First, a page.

Disease maps may help turn Zimbabwe's health crisis around

Published 24 March 2009

The government of Zimbabwe’s Robert Mugabe destroyed the country’s health care system and shut down water treatment facilities; the result has been an uncontrolled cholera outbreak; international aid organizations launch a Web site to help the poor people of Zimbabwe find disease-related information — because their government not only would do nothing to curb the epidemic, it also conceals crucial information from the citizenry

The corrupt, brutal government of Zimbabwe’s sclerotic rulers does nothing by way of providing the people of Zimbabwe with even the most basic services — health, education, transportation, and food. The regime — Mugabe, his entourage, and the leaders of his Zanu-PF Party — are too busy looting the country and fighting for their political survival to attend to the needs of the people. That task has been undertaken by international aid agencies — when, that is, they are allowed to operate in the poor country. Aid workers in Zimbabwe, then, need all the help that they can get, so it is good to read that there is a Web site that enables them to share information. Linda Geddes writes that although Zimbabwe’s cholera outbreak is finally showing signs of abating, the site could help relief groups as they attempt to rebuild the country’s shattered infrastructure.

The WikiMapAid will use collaborative wiki software to enable humanitarian workers and others to add health, welfare, and education information to a version of Google Maps that can be viewed by anyone. The hope is that by circumventing official information channels, a clearer picture of what is happening on the ground can develop.

Cholera is normally a preventable and treatable disease, but the Mugabe regime has created conditions which accelerated the spread of the disease.  The government has dismantled Zimbabwe’s public health delivery system, and in order to punish mayors and village leaders who belong to the opposition MDC party, the Mugabe government has shut down water treatment facilities in cities and towns controlled by the opposition, dooming citizens there to infection and disease. A total of 89,649 cases of cholera and 4,041 deaths had been reported in Zimbabwe since the outbreak began in August. New cholera cases, though, have fallen from around 8,000 a week at the start of the year to 2,151 in the first week of March. A central control center was also recently set up in Harare with help from the Zimbabwean Ministry of Health.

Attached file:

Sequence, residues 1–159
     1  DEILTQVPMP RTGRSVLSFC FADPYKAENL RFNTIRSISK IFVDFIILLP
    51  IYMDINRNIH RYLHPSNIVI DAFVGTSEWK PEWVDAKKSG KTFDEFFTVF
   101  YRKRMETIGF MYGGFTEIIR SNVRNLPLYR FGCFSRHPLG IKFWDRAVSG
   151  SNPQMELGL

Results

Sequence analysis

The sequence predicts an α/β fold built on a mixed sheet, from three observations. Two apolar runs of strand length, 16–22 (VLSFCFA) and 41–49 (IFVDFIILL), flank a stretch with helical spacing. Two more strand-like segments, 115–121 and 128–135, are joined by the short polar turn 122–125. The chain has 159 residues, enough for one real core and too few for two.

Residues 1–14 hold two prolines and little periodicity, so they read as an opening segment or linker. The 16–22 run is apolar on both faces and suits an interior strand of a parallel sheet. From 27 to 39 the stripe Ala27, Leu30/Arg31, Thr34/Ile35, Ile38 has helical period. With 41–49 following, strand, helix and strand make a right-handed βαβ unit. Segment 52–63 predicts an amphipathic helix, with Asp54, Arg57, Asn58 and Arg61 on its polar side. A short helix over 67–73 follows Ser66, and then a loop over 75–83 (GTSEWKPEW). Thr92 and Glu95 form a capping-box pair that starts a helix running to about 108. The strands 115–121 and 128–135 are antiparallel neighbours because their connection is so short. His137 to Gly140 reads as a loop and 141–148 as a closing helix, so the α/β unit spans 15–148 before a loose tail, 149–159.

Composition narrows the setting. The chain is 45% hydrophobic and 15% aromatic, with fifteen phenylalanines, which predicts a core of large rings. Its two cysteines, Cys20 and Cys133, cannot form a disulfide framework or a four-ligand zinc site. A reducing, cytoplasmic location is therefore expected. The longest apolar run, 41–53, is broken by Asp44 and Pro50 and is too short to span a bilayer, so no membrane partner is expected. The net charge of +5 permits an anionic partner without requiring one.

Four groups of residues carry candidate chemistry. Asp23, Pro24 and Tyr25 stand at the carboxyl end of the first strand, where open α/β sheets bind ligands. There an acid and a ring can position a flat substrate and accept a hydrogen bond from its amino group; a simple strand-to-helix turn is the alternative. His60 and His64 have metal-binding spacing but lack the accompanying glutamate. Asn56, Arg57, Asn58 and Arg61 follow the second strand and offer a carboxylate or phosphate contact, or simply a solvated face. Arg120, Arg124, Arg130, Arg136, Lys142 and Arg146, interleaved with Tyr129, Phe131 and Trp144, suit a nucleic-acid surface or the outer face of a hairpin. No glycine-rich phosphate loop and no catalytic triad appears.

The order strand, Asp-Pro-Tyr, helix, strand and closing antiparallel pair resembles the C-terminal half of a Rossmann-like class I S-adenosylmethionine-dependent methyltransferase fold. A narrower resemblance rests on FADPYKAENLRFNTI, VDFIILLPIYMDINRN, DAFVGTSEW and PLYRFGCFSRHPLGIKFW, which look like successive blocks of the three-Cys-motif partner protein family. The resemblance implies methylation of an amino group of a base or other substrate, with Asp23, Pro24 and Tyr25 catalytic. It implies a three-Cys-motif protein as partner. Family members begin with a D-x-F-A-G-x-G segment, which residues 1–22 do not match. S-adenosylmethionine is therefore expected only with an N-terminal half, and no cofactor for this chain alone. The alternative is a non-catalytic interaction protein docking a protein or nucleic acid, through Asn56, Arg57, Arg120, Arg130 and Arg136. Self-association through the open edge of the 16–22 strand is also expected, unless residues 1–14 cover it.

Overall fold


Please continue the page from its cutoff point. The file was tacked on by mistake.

Nevertheless, collecting data is still proving difficult, says Paul Garwood of the World Health Organization (WHO). “A crucial element for the control of cholera in Zimbabwe is the need to improve access to information, and the monitoring of new cases and suspected cases in the country,” he says. “Any system that improves data collecting and sharing would be beneficial.”

This is where WikiMapAid could help. Users can create markers to show the location of places such as schools, hospitals, or refugee centers, and they can attach links to video or photos of that place, or post a report of the current situation in the area. Similar services, such as the website HealthMap, have recently been developed to map disease outbreaks around the world.

At the moment, WikiMapAid is focusing on Zimbabwe. As well as schools and suchlike, the tool lets you create other categories of marker to show not only the location of cholera outbreaks but also places like food and water distribution centers, says Rupert Douglas-Bate of Global Map Aid, the organization leading the project. Users can also create new marker categories to show, say, public buildings, or to mark disease outbreaks in other countries.

The Web site is based on a Brazilian project called Wikicrimes, launched last year, in which members of the public share information about crime in their local area. It is designed to provide an alternative source of crime figures to official statistics, which some suspect of government manipulation, according to Vasco Furtado at the University of Fortaleza in Brazil, who developed the software for Wikicrimes and WikiMapAid. “Wikicrimes is a way of showing citizens that a particular area is a problem and to push the government to do something about it,” he says.

Douglas-Bate hopes a similar approach in Zimbabwe could help ensure that aid is distributed correctly. “If we’ve all got the same situation report then we’re all singing from the same hymn sheet,” he says. Also, if people feel they will attract attention from the authorities by posting information, they could perhaps get friends on the outside to post information for them, he says.

As with all wikis, the integrity of the data will depend on the people supplying it. Although moderators will edit and keep track of postings, Douglas-Bate admits unreliable reporting could be a problem. To lessen this risk, Furtado is developing an algorithm that will rate the reputation of users according to whether the information they post is corroborated, or contradicted. “But even if we’re just 80 per cent perfect, we will still have made a huge step forward in terms of being able to galvanize public opinion, raise funds, prioritize need and speed the aid on those who need it most,” Douglas-Bate says.